‘Sonia Hawkes. She was a very famous Anglo-Saxon archaeologist. Married to Christopher Hawkes. They related at all?’
She shook her head, but got no chance to reply, as Frank had jumped in:
‘Great minds think alike, Alan. That’s the first thing I asked her when Lew introduced us last week. But we’re both wrong.’
By now Trudy had her wellies and coat on.
‘Alan, be a treasure and show young Trudy here where you keep the tea-making stuff. I think we’re all desperate for a cuppa.’
Trudy produced two large bags from the boot. Alan took one and escorted her around the perimeter duck-board walk, past the Reed Barn, to his Portakabin office, where he had a small fridge and an electric kettle. He told Trudy, who was looking rather anxiously at the tiny shelf, that over the weekend contractors would be delivering two more Portakabins for the dig, and one would have a larger sink and more power points. Meanwhile they would just have to make do. Some people are never grateful.
As he walked back, this time taking the direct route across the disturbed surface left by the removal of the cellular paving grid, he was in time to see Davey’s van arrive. By now the two other members of the film crew had got out of their vans and were preparing their equipment. Speed was frowning as he wrestled with the settings of the HD camera he had had to hire for the shoot. He hated hired cameras; they were never set-up right. His sound recordists and long-time side-kick was Dave Edwards, known to everyone in the business as ‘Grump’. In fact Grump and Speed had become something of a legend, a few younger people even referring to them as ‘G and S’. When Alan had heard this he assumed it was a pun on Gilbert and Sullivan. But it wasn’t.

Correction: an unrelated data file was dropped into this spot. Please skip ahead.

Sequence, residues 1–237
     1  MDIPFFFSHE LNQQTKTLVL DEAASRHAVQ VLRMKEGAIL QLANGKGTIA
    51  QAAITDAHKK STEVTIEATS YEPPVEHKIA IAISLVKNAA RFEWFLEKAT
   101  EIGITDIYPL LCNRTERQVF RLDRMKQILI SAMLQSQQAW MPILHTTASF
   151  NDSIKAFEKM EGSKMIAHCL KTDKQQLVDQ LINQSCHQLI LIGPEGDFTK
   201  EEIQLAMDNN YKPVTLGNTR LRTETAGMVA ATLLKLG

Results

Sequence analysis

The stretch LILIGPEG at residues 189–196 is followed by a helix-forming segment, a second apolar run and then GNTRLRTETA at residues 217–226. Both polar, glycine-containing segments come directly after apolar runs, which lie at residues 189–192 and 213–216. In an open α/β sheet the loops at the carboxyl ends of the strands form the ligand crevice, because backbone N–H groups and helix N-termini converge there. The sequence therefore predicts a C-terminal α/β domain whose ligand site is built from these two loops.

Alan stood by his Fourtrak and watched. He liked to see how directors handled their subjects and crews; it told you so much about them. He’d seen Frank having a few words with Speed as he was walking back from his Portakabin, but now he was nowhere to be seen. That was odd. Then he noticed that Speed had stopped fiddling with his camera’s settings and was filming, while sitting on the tailboard of his van. His camera was pointing at Davey who was pulling on his boots. He continued to film as Davey extracted two heavy Jerri cans of diesel from the back of the van and carried them the few paces to his digger. He was still turning over as Davey collected a third can, plus a large yellow plastic funnel and began to fill-up. He only stopped when Frank, who had appeared from nowhere, tapped him lightly on the shoulder. Alan was very surprised. This was the first time he’d worked on a shoot where the subject didn’t know he was being filmed. He decided to have a word with Frank, as he was blowed if anyone was going to treat him like that; but then he paused. Would that be entirely wise? No, he reminded himself, he was here for the long-haul. Best put up with it for now.
I do hope you enjoyed that. If you did, then it would be great if you could share it or persuade a friend to do so too! Oh and if you haven't already pledged, here's that link again: unbound.co.uk/books/the-way-the-truth-and-the-dead